And Jesus, in turn, we believe, lived fully (& demonstrated perfectly) the kind of love that God intends… of which there are three noteworthy attributes:
First, it is non-judgmental. God’s love is non-judgmental.
Jesus said, for example in today’s text: “My Father makes his sun rise on the evil and on the good; and sends rain on the just and the unjust alike…” He goes on to say it is not enough to “love only those who love you” (to love only those who are like us), but that we are to “Love our enemies…”: “You have heard it said, ‘You shall love your neighbor and hate your enemy.’ But I say to you: Love your enemies [also], and pray for those who persecute you.” Jesus expects his followers to stretch their ability to love in some incredible ways in order to be ever-more inclusive. We are to let our light shine! Make our mark! Make a difference for the good, in Jesus’ name.
That kind of non-judgmental, un-conditional, freely given, God-initiated, steadfast love is often called “GRACE” in the church. But it is LOVE: AGAPE love… Love of the “other”; love of the neighbor… taken to the extreme. (I suspect that it is here – in that command to love even our enemies — where many people break away from following Jesus’ radical ethic! They are just not gonna do it! Ya’ can’t make me love: them! That’s all it takes to break away from Jesus.)
Second, God’s Love — Christian Love — is self-correcting.
Jesus’ followers were often encouraged to “Repent…” (that is, to “turn around” and to “start over.”) Jesus says people may “go, and sin no more,” and time & again he says: “your faith has made you well…” In other words, it seems to me, Christian Love expects “change” to happen. It encourages self-correction, development, & growth…
Jesus taught his followers to pray: “Forgive us, in the same way as we forgive others.” Not just occasionally, but over-&-over! Remember, we are supposed to forgive our brother or sister who sins against us not seven times, but “70- times-7 times!” The inability to repent, to forgive, to change is a symptom of death. Christian Love — is self-correcting. (Again, some people shy away from that ethic of Jesus, too.)
God’s love is non-judgmental… God’s love is self-correcting…
And, third, Christian Love, like God’s Love, is “other-serving” — even to the point of renouncing self, if needs be!
Advocating on behalf of the marginal, the lost ones and the left-outs, the un-lovable. Giving of oneself in the service of
other’s well-being. “Christ-like” love is other-centered; other-serving.
We heard several examples in today’s text… Jesus says: “You have heard that it was said, ‘An eye for an eye and a tooth for a tooth.’ (Oh, yeah! Pay’em back!) But I say to you: do not resist one who is evil. (Say, what?)
But if anyone strikes you on the right cheek, turn to him the other also. (Jesus, you’ve got to be kidding!) And if anyone would sue you, and take your coat, let him have your cloak as well. And if anyone forces you to go one mile, [love them] and go with him two miles. Give to him who begs from you, and do not refuse him who would borrow from you.” (I suppose a whole lot more of the crowd shook their heads at ethics like Jesus advocated.)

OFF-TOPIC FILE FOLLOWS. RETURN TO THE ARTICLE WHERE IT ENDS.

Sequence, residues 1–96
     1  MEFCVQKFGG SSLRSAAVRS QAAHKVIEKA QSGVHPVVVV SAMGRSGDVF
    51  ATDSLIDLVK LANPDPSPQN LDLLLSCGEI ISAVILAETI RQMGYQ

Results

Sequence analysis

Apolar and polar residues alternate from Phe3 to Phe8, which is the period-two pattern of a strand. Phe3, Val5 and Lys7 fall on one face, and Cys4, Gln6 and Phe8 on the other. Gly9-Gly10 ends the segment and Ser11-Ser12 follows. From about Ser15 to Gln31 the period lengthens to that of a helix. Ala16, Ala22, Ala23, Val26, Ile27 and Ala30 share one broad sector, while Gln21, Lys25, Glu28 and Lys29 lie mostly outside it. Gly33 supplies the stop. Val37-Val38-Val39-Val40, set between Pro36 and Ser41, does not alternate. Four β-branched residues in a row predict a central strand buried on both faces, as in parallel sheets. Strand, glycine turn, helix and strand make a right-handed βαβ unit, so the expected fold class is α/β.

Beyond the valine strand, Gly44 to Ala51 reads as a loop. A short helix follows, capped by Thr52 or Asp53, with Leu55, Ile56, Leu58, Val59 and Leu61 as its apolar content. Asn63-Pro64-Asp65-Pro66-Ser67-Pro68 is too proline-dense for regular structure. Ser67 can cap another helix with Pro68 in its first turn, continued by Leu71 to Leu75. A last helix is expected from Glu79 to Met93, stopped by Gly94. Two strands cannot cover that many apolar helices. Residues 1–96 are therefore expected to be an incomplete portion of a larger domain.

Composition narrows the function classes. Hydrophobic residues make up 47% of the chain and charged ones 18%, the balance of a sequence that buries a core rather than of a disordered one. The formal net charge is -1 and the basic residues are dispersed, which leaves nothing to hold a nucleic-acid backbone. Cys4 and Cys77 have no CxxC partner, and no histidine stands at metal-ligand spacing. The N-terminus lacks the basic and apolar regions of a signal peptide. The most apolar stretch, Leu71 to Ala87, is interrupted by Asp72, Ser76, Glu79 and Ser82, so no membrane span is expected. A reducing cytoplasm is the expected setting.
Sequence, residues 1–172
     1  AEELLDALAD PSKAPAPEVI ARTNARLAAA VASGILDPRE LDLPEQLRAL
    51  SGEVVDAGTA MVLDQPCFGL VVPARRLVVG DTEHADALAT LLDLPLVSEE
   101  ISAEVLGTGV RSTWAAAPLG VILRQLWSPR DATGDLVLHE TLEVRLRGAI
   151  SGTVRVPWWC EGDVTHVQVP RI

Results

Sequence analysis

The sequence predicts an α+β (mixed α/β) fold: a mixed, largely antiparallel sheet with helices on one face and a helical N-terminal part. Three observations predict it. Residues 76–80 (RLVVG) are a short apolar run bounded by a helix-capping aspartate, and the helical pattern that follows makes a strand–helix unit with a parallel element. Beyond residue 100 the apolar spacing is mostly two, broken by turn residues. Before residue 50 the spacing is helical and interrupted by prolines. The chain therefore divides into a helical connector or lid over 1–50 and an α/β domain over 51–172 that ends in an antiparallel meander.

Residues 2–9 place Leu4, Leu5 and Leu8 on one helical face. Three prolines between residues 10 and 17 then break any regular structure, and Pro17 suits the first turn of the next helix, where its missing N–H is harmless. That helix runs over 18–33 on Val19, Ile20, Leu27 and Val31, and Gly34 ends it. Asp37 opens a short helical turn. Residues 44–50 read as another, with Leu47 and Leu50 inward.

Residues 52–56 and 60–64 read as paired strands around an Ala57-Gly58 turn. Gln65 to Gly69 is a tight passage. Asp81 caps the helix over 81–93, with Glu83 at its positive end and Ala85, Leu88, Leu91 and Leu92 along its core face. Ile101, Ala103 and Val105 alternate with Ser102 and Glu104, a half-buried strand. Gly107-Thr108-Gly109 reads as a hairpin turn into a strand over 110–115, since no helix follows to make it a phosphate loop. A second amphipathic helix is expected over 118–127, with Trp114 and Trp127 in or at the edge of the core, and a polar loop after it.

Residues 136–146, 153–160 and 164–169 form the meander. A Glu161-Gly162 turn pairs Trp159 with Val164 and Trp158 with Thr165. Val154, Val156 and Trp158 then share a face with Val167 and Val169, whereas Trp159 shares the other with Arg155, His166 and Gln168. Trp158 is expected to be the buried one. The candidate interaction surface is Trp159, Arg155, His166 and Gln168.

What’s required of our ethics in order to say they are “Christian” is not a simple list of forbidden & approved behavior (those rules of “do’s and dont’s” that I mentioned at the start of this sermon), but rather an approach that is whole- heartedly open toward God: an attitude toward God that engages our whole mind, our whole body, and all our being!
And then, from that source (that One-ness), we are to wholeheartedly love our neighbor as we love ourselves. That, of course, is not only “the Great Commandment” that Jesus taught, but his “Golden Rule” as well: we will do unto others that which we would appreciate them doing for us. It’s not enough for us to refrain from doing harm. To be Christian (“Christ-like”) we must actively promote others’ welfare, whoever they are. Christians are commanded to love!
Now, those “others” whom we love may not respect us; they may not thank us; they may not respond at all to our kindness… They may even want to take advantage of us (since they know we are “supposed to be” doing our best to love them)! Well, that’s their problem. (And I’ll admit: it’s sometimes hard to live with moral sensitivity in an a-moral world; sometimes our “ethics” may seem like liabilities!) Christian love demands much from us. It’s not natural, nor easy.
I would sum it up by saying that we show a person love when we “get RADICAL in showing them RESPECT” … realizing that the person they are (male/female, boyfriend/girlfriend, gay/straight/transgendered, immigrant or native-born) is a Child of God. They are loved by God! They are precious — made in the image of God — and of equal worth as oneself.
A Christian ethic of LOVE, then, is (1) non-judgmental, (2) self-correcting, and (3) other-serving… It’s a love that stands out from the “norm” by being more patient and forgiving than most; neither jealous, nor boastful; rarely resentful, delighting in open communication… All those things that St. Paul wrote about in First Corinthians 13 (which will be a sermon for another time). To my way of thinking, acts of love are the only things of eternal value.
So, let us learn it, and live it. For, as the song says: “They will know we are Christian by our love!” So, let that light shine!